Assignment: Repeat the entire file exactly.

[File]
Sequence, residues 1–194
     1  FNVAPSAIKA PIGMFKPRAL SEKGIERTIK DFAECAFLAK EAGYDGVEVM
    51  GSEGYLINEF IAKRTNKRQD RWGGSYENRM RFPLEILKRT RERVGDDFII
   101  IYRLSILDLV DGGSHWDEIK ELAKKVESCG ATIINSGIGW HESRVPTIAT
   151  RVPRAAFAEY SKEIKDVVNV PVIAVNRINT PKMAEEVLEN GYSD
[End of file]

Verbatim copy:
Sequence, residues 1–194
     1  FNVAPSAIKA PIGMFKPRAL SEKGIERTIK DFAECAFLAK EAGYDGVEVM
    51  GSEGYLINEF IAKRTNKRQD RWGGSYENRM RFPLEILKRT RERVGDDFII
   101  IYRLSILDLV DGGSHWDEIK ELAKKVESCG ATIINSGIGW HESRVPTIAT
   151  RVPRAAFAEY SKEIKDVVNV PVIAVNRINT PKMAEEVLEN GYSD